Figure 5
Figure 5

Potentiometric analysis of bitterness in Euclidian distances [t(1)] (see Supplementary Fig. 12 for details). a Bitterness response of denatonium (De; structure a), structure b (D-methyl), structure c (D-(G)1), structure d (D-(G)4), and structure e (K-D). Values were normalized to plain buffer responses. All experiments were performed with n = 3. b Prototype of the compressed chewing gums. Scale bar length equals 1 mm

Manufacturing of peptide sensor-loaded chewing gums

We also aimed at demonstrating the general feasibility of integrating the sensors into chewing gums (Fig. 5b). For that, fluorescence-labeled PMMA microparticles were blended into a compressible chewing gum base and tableted. Blending of carboxyfluorescein-decorated PMMA particles with diameters of 2, 5, or 17 µm was homogenous. Based on these manufacturing characteristics, we selected 9 µm particles for the assembly of the sensors. The chewing gum was easily compressed—three different chewing gum bases were characterized (Supplementary Table 3)—on an eccentric tableting machine and the resulting force-displacement curves indicated proper compression performance (Supplementary Fig. 18). The resulting chewing gums had acceptable break-forces up to 100 N.

Sensor performance in saliva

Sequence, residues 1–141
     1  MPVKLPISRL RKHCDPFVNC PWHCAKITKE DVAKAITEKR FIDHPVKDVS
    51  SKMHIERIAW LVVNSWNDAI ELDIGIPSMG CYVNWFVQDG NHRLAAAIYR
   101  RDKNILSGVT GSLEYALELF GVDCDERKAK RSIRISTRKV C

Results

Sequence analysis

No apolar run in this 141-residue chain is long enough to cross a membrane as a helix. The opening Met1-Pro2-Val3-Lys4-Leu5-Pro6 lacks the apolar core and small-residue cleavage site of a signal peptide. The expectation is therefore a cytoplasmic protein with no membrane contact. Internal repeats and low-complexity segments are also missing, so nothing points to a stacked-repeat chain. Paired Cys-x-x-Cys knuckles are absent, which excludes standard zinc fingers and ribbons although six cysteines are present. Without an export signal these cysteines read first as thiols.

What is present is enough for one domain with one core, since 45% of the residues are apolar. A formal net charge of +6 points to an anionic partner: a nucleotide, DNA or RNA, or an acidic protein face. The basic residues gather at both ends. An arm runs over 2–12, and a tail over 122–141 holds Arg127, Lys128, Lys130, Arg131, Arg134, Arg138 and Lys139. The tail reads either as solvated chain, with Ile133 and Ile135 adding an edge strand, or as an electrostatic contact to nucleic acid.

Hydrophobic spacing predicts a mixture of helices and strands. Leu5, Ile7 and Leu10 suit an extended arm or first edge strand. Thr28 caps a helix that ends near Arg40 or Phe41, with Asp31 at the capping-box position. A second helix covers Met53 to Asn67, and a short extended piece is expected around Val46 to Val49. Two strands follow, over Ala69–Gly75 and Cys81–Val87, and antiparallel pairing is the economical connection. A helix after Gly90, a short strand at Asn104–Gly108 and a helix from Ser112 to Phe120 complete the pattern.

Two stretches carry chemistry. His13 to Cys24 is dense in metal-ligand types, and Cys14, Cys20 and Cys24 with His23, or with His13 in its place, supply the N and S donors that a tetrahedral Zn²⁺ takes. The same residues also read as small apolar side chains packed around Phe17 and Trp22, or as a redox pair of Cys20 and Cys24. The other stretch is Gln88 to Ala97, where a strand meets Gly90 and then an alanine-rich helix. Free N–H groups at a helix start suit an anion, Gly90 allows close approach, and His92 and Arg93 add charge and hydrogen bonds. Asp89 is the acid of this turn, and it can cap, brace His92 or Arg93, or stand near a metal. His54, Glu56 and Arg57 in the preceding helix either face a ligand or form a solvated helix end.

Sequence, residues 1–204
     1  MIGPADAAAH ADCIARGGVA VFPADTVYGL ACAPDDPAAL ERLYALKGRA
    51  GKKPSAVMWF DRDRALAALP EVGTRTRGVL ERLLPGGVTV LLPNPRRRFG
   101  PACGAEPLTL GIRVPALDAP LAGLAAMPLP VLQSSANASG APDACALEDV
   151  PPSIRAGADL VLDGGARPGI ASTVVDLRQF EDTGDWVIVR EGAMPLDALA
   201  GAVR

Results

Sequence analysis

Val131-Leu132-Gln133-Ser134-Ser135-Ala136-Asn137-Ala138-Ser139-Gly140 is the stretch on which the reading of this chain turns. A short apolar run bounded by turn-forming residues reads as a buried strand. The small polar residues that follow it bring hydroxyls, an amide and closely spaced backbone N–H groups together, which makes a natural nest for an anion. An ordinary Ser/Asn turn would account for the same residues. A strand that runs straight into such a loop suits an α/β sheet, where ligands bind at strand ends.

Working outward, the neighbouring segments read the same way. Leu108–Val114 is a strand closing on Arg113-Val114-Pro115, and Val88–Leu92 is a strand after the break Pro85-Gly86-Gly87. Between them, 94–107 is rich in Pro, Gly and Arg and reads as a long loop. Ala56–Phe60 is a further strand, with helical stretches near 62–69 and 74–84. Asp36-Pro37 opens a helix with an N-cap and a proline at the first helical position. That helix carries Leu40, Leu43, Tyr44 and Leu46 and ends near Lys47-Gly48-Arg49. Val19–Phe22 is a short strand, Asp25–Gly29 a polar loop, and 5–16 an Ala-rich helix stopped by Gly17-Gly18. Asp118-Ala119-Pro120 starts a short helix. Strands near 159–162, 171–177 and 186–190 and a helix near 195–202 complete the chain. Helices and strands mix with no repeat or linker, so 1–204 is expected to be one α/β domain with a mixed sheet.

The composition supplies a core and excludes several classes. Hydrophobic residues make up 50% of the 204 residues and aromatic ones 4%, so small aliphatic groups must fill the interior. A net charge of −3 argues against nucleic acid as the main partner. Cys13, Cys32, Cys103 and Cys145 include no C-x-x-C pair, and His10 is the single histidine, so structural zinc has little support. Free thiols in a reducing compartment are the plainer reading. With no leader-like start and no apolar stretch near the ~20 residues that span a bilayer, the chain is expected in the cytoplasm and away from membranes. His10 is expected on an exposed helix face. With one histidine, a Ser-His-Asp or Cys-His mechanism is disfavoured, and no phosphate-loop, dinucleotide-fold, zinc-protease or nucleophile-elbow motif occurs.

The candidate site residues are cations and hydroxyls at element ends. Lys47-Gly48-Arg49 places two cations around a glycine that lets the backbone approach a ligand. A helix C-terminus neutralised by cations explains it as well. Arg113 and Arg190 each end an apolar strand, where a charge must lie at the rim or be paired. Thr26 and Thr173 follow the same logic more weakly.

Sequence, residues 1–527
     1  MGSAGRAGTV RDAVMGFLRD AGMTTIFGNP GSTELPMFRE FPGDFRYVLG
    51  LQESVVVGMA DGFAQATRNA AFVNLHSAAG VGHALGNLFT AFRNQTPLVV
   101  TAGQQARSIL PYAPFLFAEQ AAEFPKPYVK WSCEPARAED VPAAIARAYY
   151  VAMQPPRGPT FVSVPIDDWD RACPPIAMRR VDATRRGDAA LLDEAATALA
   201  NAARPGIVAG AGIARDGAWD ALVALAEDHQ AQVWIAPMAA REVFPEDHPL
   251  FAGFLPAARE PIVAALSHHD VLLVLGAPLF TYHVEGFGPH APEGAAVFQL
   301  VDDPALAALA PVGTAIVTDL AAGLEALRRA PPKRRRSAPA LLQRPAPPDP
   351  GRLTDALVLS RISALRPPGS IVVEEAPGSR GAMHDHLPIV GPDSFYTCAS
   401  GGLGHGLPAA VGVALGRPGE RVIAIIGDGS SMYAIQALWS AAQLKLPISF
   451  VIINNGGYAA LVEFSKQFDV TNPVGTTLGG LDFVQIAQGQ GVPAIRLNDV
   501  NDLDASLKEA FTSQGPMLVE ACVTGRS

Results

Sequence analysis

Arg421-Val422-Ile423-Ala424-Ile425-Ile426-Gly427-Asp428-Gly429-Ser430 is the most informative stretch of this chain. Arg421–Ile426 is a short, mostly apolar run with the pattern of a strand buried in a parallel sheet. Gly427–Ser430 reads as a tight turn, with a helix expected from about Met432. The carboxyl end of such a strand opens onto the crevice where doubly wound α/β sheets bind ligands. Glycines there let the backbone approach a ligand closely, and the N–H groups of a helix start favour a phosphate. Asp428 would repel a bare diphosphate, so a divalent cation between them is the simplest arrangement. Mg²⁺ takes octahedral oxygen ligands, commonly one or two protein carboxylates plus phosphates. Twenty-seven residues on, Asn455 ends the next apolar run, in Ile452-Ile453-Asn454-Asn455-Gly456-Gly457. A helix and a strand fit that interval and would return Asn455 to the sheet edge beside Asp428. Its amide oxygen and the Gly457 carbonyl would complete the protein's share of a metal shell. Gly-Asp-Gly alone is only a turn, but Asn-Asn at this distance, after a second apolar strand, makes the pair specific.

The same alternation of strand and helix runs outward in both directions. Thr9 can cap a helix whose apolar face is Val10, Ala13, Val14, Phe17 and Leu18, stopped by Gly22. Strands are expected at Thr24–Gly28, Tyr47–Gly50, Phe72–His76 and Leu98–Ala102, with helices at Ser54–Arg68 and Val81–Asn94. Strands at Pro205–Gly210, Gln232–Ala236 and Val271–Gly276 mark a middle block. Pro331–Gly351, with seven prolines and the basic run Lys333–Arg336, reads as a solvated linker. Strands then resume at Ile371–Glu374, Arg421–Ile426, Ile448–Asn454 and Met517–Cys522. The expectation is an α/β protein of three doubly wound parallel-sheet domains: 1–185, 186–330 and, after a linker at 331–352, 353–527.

We tested our peptide sensor (sensor’s PCL ID #1c) in saliva in comparison to a commercially available dental chair-side test probing for activated MMP-8 and measuring from sulcus fluid23 as well as in comparison to the QuickZyme Human MMP-8 activity assay in saliva, which was also responding to MMP-1, MMP-9, and MMP-13. The dentists monitored the clinical status and collected sulcus fluid from the implant site as well as saliva from both healthy volunteers (n = 14; defined as patients with a clinically asymptomatic dental implant(s); i.e., not having signs and symptoms of peri-implant disease) as well as from patients with peri-implant disease (defined as mucositis/peri-implantitis; n = 19) (Fig. 6; Supplementary Fig. 19). Cleavage of the sensor was significantly different among groups after incubation for 5–10 min with 1.5 ± 0.8% and 4.2 ± 3.34% (p < 0.01, t-test) and also after an incubation time of 60 min with 7.6 ± 4.4% and 17.1 ± 11.1% (p < 0.01, t-test) for healthy vs. diseased subjects, respectively. The chair-side test—probing from sulcus fluid of the affected site and not from saliva as our sensor—significantly discriminated among healthy and diseased subjects resulting in 3.2 ± 2.4 and 44.2 ± 42.3 ng/mL, respectively (p < 0.01, t-test). In contrast, the QuickZyme protease activity test—probing from saliva like our sensor—did not significantly discriminate among groups (52.1 ± 31.2 and 109 ± 101 ng/mL, p > 0.05, t-test).